Elizabethtown Area High School - Elizabethan Yearbook (Elizabethtown, PA)

 - Class of 1944

Page 1 of 120

 

Elizabethtown Area High School - Elizabethan Yearbook (Elizabethtown, PA) online yearbook collection, 1944 Edition, Cover
Cover



Page 6, 1944 Edition, Elizabethtown Area High School - Elizabethan Yearbook (Elizabethtown, PA) online yearbook collectionPage 7, 1944 Edition, Elizabethtown Area High School - Elizabethan Yearbook (Elizabethtown, PA) online yearbook collection
Pages 6 - 7

Page 10, 1944 Edition, Elizabethtown Area High School - Elizabethan Yearbook (Elizabethtown, PA) online yearbook collectionPage 11, 1944 Edition, Elizabethtown Area High School - Elizabethan Yearbook (Elizabethtown, PA) online yearbook collection
Pages 10 - 11

Page 14, 1944 Edition, Elizabethtown Area High School - Elizabethan Yearbook (Elizabethtown, PA) online yearbook collectionPage 15, 1944 Edition, Elizabethtown Area High School - Elizabethan Yearbook (Elizabethtown, PA) online yearbook collection
Pages 14 - 15

Page 8, 1944 Edition, Elizabethtown Area High School - Elizabethan Yearbook (Elizabethtown, PA) online yearbook collectionPage 9, 1944 Edition, Elizabethtown Area High School - Elizabethan Yearbook (Elizabethtown, PA) online yearbook collection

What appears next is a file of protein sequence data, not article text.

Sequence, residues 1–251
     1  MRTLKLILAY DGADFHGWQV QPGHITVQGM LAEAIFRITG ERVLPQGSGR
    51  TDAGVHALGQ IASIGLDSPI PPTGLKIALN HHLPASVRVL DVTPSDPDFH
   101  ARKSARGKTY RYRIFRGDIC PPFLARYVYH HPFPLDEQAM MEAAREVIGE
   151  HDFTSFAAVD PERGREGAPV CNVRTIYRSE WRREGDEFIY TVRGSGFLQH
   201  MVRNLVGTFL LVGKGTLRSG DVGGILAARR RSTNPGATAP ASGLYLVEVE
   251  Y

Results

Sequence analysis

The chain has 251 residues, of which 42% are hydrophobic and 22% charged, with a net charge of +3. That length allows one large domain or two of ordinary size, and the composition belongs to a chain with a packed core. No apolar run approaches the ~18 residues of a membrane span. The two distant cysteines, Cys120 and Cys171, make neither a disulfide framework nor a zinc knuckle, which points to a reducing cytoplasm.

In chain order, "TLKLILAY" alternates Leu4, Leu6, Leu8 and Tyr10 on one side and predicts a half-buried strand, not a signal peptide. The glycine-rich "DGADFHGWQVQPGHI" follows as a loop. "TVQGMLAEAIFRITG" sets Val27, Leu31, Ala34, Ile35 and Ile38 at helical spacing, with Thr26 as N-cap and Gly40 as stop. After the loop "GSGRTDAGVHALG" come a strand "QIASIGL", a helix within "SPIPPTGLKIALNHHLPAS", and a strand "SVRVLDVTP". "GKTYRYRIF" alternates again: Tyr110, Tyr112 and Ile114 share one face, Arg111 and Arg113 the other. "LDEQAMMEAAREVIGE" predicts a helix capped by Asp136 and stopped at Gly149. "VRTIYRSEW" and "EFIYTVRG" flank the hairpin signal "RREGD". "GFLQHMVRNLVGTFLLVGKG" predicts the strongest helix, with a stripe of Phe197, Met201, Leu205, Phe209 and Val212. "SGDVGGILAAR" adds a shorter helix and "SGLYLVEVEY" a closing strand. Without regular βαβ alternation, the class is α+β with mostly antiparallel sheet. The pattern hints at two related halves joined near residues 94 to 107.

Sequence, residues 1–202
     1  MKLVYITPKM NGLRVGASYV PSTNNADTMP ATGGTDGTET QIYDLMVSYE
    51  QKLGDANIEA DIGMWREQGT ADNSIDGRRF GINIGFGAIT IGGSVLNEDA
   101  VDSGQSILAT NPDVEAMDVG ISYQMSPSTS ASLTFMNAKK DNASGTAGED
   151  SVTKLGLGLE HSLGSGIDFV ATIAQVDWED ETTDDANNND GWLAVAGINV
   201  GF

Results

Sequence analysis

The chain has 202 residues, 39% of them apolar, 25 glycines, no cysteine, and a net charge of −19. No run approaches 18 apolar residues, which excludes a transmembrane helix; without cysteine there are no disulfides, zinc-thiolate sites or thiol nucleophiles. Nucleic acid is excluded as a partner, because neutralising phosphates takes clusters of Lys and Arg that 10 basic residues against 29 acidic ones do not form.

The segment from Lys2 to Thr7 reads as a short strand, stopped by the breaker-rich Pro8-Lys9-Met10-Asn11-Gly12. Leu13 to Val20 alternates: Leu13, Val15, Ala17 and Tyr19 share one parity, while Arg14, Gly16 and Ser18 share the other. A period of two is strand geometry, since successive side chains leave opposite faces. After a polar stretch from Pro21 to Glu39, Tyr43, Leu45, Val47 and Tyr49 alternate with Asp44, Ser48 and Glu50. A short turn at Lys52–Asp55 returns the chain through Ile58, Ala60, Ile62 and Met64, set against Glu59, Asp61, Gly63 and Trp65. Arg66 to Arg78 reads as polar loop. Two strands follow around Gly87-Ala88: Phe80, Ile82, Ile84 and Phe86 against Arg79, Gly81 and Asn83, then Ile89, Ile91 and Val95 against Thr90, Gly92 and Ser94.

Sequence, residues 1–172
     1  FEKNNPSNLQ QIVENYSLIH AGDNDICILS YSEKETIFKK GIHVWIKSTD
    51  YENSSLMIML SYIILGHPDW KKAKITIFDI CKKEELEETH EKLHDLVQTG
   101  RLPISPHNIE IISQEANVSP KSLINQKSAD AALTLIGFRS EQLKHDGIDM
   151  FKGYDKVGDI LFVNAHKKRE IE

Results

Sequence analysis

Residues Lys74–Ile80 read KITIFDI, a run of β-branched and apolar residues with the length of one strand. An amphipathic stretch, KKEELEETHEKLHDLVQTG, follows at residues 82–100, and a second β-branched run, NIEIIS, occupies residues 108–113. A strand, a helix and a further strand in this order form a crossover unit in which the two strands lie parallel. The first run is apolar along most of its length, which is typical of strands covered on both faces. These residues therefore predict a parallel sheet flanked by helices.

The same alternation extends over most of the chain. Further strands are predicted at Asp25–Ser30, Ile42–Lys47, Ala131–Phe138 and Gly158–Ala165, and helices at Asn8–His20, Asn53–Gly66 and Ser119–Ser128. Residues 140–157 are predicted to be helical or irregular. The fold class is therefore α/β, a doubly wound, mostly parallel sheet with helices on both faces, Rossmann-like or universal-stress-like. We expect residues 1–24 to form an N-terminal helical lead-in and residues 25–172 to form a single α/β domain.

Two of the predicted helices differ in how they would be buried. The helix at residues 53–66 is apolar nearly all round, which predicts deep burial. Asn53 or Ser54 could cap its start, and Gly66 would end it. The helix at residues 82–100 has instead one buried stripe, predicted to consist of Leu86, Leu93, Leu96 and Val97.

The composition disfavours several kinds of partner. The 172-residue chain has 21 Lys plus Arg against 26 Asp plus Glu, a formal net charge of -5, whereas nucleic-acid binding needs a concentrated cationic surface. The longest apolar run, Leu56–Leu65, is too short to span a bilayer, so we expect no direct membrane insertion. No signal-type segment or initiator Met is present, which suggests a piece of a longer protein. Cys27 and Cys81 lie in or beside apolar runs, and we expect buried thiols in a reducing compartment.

Pages 8 - 9
Page 12, 1944 Edition, Elizabethtown Area High School - Elizabethan Yearbook (Elizabethtown, PA) online yearbook collectionPage 13, 1944 Edition, Elizabethtown Area High School - Elizabethan Yearbook (Elizabethtown, PA) online yearbook collection
Pages 12 - 13
Page 16, 1944 Edition, Elizabethtown Area High School - Elizabethan Yearbook (Elizabethtown, PA) online yearbook collectionPage 17, 1944 Edition, Elizabethtown Area High School - Elizabethan Yearbook (Elizabethtown, PA) online yearbook collection
Pages 16 - 17

Text from Pages 1 - 120 of the 1944 volume: